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Column: Beneath the tears, Freddie Freeman plays the role of entitled athlete perfectly

Dodgers’ Freddie Freeman reacts emotionally to a standing ovation in Atlanta.
(Bob Andres / Associated Press)

Just when the Freddie Freeman saga couldn’t get any more nauseating, it somehow did. The Dodgers’ new first baseman went into hiding on Thursday before the opening game of a four-game series against the San Diego Padres.

The story of his divorce with the Atlanta Braves won’t die because the image-conscious part of him is determined to rewrite history, his tear-stained efforts to continue playing the victim revealing him to be the archetype of the entitled athlete.

Good thing he’s hitting.

Freeman has spent the last three months on a bizarre public relations campaign to convince Atlanta fans that he didn’t leave the Braves for money, even though he’s now playing for the Dodgers because his former team wouldn’t give him the kind of deal he wanted.

This is a classic case of wanting it both ways — in this particular instance, of wanting both the security of his six-year deal with the Dodgers and the adoration he once enjoyed on the Braves.

(Bob Andres / Associated Press)

There’s something off-putting about a 32-year-old man who won’t accept the consequences of decisions he’s made, especially when the consequences include being paid $162 million to play for a World Series contender based in his hometown. In a recent series in Atlanta, Freeman behaved as if he were a prisoner released for a weekend, sobbing uncontrollably at a news conference and spending considerable time in the Braves’ clubhouse.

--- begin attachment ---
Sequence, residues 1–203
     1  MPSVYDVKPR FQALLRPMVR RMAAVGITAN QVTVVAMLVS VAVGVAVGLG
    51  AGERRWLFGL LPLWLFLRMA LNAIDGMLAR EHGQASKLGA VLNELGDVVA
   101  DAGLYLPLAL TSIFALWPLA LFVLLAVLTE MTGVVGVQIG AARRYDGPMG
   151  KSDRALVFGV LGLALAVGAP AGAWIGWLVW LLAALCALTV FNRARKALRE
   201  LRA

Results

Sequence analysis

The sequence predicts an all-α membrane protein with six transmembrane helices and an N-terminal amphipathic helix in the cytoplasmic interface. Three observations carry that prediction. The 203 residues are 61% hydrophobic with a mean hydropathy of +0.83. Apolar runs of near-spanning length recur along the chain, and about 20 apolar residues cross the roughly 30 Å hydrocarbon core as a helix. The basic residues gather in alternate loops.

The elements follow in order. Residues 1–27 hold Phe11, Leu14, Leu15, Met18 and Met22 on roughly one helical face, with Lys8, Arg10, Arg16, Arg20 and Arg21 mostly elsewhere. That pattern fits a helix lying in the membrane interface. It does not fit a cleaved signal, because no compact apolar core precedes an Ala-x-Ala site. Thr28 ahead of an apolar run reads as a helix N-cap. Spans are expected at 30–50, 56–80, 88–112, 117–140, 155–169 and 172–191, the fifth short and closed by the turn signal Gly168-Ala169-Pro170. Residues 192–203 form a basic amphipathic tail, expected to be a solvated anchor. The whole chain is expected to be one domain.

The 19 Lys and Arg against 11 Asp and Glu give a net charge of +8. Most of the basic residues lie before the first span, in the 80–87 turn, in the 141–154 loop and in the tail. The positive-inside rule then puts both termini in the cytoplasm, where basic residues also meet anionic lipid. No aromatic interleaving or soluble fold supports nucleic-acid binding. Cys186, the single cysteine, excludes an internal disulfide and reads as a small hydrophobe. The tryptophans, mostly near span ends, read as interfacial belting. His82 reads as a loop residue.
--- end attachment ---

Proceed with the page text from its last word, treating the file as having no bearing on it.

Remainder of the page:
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Clayton Kershaw provided a glimpse into what the Dodgers were thinking when he told the Atlanta Journal-Constitution, “I hope we’re not second fiddle.”

I was open to the possibility I was missing something, which is why I waited for Freeman and the Dodgers to return from their three-city trip to write this column. On Thursday, a team spokesperson relayed my thoughts to Freeman and extended an invitation on my behalf to clear up whatever misconceptions I might have. He declined.

Freeman declined again when I approached him after the Dodgers’ 3-1 victory that night.

“That chapter’s closed,” he said. “It’s an opinion article anyways. No one knows the truth.”

An inside look at how the Dodgers signed All-Star first baseman Freddie Freeman, including an impromptu call from Mookie Betts’ wedding.

How convenient.

Freeman barely said anything earlier in the week when news broke that he was about to terminate his relationship with Excel Sports Management. (In a statement he released to MLB.com, Freeman described his relationship with the agency as “fluid.”)

The subtext was clear: Freeman held the agency responsible for him leaving the Braves.

Soon after, Doug Gottlieb of Fox Sports Radio tweeted that Freeman fired Excel because he learned that agent Casey Close never told him about the final offer the Braves made to him before trading for a replacement first baseman in Matt Olson. Close knew Freeman would have accepted the offer, according to Gottlieb.